Tagetes patula, commonly called French marigold, is a compact annual that typically grows 6-12” tall and features single, semi-double, double or crested flowers (1-2” diameter) in shades of yellow, orange, red and bicolor. Their pinnate leaves with toothed, lance-shaped leaflets are aromatic.

French Marigold (Tagetes patula)

Tagetes erecta, commonly called African marigold, Aztec marigold, American marigold or big marigold, is native to Mexico and Central America. Big marigold may be the most descriptive of its names because plants are noted for their large flowerheads. They typically grow from 1-4’ tall and feature huge, mostly double-globular flowers (2-4” diameter) in various shades of yellow, orange, and white. Foliage and flowers are aromatic when brushed or crushed. Triploid F1 hybrids (T. erecta x T. patula) combine the large flowers of the African marigold with the more compact size of the French marigold into vigorous plants with 2-3” diameter flowers on stems reaching 10-18” tall. These triploids are largely unaffected by high heat and usually bloom all summer.

African marigold (Tagetes erecta)

Tagetes tenuifolia. Signet marigolds are compact, mounding plants with smaller flowers and leaves than most other marigolds. Yellow, orange, golden, or bicolored flowers are held either well above the fine-textured, dark green foliage or tucked in with the foliage, depending on the cultivar. This plant doesn’t have that overwhelming marigold scent but has a light, citrusy smell.

Signet marigolds (Tagetes tenuifolia)

Fact or Fiction

Corn earworm on marigold

For generations, many vegetable gardeners have planted marigolds in their vegetable patches to repel pests. However, there is a lack of scientific evidence to support the notion that marigolds actually repel pests. Research conducted at Rutgers University concluded that marigolds failed to repel cabbage, carrot and onion pests.  In fact the USDA lists a total of 15 pests that attack marigolds; included on their list are aphids, Japanese beetles, snails, and spider mites,  just to name a few.  On the other hand, researchers at the University of Vermont have reported that marigolds have been effective in luring pests away from other ornamental plants.

Although science has yet to prove that marigolds actually repel pests from vegetable crops, there is scientific evidence  that marigolds CAN be an important tool in controlling certain nematodes.   Nematodes are tiny worms, usually microscopic in size. Nematodes that feed on plants — called plant-parasitic nematodes —  have spear-like mouthparts used to puncture plant roots to obtain nutrients.  As a result, plant-parasitic nematodes can seriously damage or even kill crops, turf, and ornamental plants.

How marigolds help fight nematodes

Marigold roots release a toxic chemical  (alpha-terthienyl), and the presence of this chemical inhibits the hatching of nematode eggs.   Therefore, control of the nematode population is achieved by interrupting the nematode life cycle.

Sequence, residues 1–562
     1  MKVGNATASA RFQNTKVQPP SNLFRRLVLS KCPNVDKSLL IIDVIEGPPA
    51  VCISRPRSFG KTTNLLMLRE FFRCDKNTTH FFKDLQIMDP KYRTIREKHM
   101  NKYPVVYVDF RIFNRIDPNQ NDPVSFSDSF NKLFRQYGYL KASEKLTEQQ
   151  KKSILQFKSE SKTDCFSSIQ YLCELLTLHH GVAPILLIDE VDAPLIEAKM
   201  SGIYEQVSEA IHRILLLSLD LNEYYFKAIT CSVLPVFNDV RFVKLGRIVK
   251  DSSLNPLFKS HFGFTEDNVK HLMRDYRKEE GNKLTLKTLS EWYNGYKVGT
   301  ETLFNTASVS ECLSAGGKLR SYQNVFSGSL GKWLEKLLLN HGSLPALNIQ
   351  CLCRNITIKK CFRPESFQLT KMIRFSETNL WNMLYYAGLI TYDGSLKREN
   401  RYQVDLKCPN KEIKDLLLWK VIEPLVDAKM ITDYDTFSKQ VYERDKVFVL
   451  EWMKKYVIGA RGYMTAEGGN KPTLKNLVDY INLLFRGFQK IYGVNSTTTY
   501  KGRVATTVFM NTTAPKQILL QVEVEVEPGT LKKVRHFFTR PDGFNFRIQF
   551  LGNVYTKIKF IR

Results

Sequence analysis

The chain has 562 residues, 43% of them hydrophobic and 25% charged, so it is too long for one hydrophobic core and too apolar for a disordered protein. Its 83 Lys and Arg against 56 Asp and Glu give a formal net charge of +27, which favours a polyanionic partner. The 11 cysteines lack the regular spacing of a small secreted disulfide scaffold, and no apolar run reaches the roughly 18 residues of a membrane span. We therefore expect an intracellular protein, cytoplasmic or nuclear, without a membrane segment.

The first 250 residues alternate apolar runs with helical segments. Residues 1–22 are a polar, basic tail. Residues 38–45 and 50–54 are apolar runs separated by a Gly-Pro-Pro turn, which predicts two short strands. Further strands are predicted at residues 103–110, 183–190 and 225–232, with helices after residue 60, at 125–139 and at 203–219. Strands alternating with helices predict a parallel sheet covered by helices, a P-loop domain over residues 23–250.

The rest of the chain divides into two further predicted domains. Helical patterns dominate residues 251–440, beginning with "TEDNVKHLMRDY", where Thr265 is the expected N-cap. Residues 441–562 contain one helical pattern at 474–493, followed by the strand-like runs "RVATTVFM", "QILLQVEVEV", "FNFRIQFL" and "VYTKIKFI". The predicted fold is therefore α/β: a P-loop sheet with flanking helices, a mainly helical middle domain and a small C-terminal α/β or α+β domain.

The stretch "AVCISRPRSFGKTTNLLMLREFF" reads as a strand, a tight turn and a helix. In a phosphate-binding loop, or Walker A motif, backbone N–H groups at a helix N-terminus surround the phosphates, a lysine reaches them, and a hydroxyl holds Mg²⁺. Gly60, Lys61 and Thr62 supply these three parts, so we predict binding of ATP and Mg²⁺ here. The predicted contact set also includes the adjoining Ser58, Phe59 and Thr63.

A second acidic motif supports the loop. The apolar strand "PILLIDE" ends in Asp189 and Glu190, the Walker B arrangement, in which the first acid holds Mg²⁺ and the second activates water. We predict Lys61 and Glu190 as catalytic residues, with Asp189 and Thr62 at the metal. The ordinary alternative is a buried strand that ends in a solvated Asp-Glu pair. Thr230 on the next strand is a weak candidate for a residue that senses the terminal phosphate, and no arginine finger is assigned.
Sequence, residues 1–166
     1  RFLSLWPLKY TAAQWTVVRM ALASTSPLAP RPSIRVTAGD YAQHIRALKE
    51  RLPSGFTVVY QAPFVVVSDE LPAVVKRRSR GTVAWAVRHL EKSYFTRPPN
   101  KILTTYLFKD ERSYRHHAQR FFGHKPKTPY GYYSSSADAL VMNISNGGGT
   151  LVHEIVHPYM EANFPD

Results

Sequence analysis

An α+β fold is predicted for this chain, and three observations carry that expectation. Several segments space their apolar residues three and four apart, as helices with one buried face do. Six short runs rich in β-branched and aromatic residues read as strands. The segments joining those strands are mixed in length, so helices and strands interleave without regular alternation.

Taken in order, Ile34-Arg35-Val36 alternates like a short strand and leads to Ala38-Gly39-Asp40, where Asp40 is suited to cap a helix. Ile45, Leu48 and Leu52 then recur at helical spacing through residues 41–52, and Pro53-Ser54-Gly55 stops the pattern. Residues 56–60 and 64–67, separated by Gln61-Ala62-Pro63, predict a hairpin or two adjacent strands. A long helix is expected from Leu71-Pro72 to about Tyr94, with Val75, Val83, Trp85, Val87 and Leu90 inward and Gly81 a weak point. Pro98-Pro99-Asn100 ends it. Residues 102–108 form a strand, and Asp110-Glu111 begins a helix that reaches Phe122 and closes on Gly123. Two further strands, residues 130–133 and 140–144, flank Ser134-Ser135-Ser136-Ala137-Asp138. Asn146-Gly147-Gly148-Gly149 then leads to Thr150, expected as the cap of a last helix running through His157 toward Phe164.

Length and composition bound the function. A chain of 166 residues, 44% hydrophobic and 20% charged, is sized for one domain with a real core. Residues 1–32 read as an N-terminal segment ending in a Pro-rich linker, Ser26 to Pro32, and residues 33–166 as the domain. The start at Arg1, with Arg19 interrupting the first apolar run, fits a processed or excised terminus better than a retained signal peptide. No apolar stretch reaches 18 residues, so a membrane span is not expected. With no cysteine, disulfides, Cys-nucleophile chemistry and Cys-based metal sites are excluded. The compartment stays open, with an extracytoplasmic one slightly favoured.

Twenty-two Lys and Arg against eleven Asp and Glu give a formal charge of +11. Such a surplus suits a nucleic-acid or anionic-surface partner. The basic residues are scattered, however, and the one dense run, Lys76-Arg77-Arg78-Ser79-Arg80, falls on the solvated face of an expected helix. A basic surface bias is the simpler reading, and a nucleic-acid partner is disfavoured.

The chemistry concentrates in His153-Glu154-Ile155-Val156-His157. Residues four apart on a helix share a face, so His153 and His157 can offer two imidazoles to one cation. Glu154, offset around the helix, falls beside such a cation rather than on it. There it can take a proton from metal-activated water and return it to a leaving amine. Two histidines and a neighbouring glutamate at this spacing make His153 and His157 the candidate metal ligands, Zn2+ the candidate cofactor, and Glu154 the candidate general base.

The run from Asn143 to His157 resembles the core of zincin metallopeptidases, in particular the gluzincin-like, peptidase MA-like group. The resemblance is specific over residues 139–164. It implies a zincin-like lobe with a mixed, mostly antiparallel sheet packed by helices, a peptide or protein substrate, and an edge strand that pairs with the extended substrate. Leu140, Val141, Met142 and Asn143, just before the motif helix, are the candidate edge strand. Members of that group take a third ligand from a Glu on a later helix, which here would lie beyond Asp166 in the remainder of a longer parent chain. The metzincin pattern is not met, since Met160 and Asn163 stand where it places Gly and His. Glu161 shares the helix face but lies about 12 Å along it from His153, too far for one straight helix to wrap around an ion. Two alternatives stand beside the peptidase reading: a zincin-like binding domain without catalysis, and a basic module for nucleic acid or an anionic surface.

One drawback with using marigolds for nematode control is that the benefit is not realized until the following year. To be effective the marigolds must be planted before the vegetable crop — at least 2 months before — and must be planted at the same location where the vegetable crop is to be planted; otherwise, no benefits will be gained from the marigold root exudates.  For example, California research showed that tomatoes grown after marigolds had significantly lower numbers of root galls due to  root-knot nematodes (Meloidogyne incognito).  In addition, the tomato yields were higher (root length, shoot weight, number and weight of fruits were all higher in plants grown after Tagetes). 

Varieties Matter

Care should be taken when purchasing marigolds for controlling nematodes.  That’s because “not all marigold varieties control all types of nematodes.”  For example, the California research mentioned above revealed that particular varieties are more effective at controlling root-knot nematodes.  In that experiment, the “Single Gold” variety of Tagetes patula outperformed other varieties.  You’ll get the best results if you determine which types of nematodes are in your local soils, and you can do this by sending soil samples to a nematode assay laboratory. (look at the chart in this article identifying marigold species and varieties by their resistance to and effectiveness against particular types of root-knot nematodes).

Attracting Beneficial Insects

In addition to helping control nematodes, marigold flowers attract beneficial insects that not only pollinate, but also help control bad bugs. Beneficial insects attracted to marigolds include: hover flies, lady bugs and parasitic wasps.